One of those questions I get asked all the time by musicians and others is "how many times through the tune for this dance?" The reference is to progressive longways country dances, which were the dominant social dance form in Europe and America from the mid-17th century through the early 19th century and are still enjoying widespread popularity in various living tradition and revival forms.
Modern English country dance and contra practice is for all couples to start the dance simultaneously, and the modern answer to the repeats question would be as many times as needed for everyone to enjoy the dance and fewer times than it would take for people to get bored. Modern Scottish (RSCDS) practice differs in that their dances are generally performed in short sets and have a fixed number of repeats. But if you truly wish to perform country dances in the historical style, it's a bit more complex!
Up until the mid 19th century, and possibly later, country dances were performed with one key difference from the modern style: the couples did not all start simultaneously. The dance would be led off by the top couple in the set, who would dance down the set with each couple in turn. As soon as the proper number of couples for the dance accumulated at the top of the set, a new couple would lead off, following the original active couple down the set in turn. The dance would continue to "snowball" until the entire set was dancing. As the couple who started the dance at the very bottom of the set reached the top and led off, the dancing would then slowly dwindle as that couple made its way down the set to the bottom until at the end only the last two couples were performing the dance. This form of progression was the standard all the way from the first edition of Playford into at least the early 19th century, and there is some evidence it lasted into the early 20th century.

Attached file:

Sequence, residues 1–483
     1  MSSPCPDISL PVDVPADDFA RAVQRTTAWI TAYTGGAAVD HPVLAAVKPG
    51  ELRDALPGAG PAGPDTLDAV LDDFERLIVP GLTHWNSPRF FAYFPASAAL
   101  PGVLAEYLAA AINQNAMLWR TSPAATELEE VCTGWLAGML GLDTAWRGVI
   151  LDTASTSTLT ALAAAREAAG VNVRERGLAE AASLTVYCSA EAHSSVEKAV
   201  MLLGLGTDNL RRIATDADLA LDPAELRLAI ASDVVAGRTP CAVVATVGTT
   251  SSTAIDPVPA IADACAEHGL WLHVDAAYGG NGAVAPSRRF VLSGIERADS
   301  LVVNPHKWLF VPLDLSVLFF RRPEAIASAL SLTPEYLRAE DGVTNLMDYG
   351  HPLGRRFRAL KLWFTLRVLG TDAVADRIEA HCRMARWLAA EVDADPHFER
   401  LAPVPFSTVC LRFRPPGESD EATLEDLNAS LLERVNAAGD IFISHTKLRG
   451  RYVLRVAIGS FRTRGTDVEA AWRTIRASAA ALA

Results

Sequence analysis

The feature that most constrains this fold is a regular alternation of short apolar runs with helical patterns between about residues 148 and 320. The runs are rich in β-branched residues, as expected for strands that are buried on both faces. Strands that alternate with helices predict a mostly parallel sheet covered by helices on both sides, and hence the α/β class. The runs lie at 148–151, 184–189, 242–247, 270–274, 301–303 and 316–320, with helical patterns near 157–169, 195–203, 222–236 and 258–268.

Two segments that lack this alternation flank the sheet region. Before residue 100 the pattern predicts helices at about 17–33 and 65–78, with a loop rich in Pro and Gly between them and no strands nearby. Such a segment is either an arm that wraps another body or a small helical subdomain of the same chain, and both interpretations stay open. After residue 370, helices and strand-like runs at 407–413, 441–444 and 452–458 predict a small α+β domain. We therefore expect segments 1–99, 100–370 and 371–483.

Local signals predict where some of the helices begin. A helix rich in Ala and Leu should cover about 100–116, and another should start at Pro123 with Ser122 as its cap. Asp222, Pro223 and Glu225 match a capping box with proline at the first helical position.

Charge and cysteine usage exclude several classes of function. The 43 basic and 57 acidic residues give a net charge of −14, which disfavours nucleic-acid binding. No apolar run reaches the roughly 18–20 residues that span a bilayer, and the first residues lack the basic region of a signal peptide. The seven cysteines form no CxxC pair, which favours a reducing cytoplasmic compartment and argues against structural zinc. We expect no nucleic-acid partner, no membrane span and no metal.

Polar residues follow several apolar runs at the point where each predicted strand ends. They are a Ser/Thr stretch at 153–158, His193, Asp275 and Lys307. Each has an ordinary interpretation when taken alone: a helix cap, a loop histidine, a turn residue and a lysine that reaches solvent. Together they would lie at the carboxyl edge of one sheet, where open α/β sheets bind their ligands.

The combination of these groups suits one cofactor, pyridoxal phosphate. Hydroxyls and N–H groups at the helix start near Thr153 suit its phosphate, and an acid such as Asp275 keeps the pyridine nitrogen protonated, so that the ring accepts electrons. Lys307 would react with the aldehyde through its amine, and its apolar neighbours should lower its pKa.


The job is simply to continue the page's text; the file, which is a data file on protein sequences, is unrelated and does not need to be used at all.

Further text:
So what does this mean for the repeat count? In a long set, the dance could potentially go on for an extremely long time - forty-five minutes to an hour in a set of twenty-plus couples, with the tune repeated 80 or 90 times. Pity the musicians cursed with playing a sixteen-bar tune over and over and over and over again! And just how many times over was that? Happily, there's a formula!
For a dance in duple minor form (two couples needed to perform the figures), the repeats work as follows:
Three couple set: six times
Four couple set: nine times
Five couple or more: add three more repeats for each couple over four
So for a set of six couples, it would be 9+3+3 = 15 times through the dance. Duple minors were the dominant form in the mid-to-late 17th and early 18th centuries.
For a dance in triple minor form, needing three couples to perform the figures, the formula is a bit different:
Three couple set (shortest possible): six times through
Four couple set: twelve times through
Five couples or more: for each additional couple over four, add four more repeats
So, for a set of six couples, it would be 12+4+4 = 20 times through the dance. Triple minors were the dominant form from the late 18th century onward. In the early 19th century, at least one dancing master added the suggestion that the original top couple should lead off a second time, which has the virtue of keeping more couples dancing longer but doesn't affect the total number of repeats needed for the dance.
As you might imagine, for reasons of sanity (dancers', musicians', and my own), when I call country dances in historical form, I cut sets off at six or seven couples, which is a long enough set to appreciate the "snowball" progression but short enough that no one goes completely batty.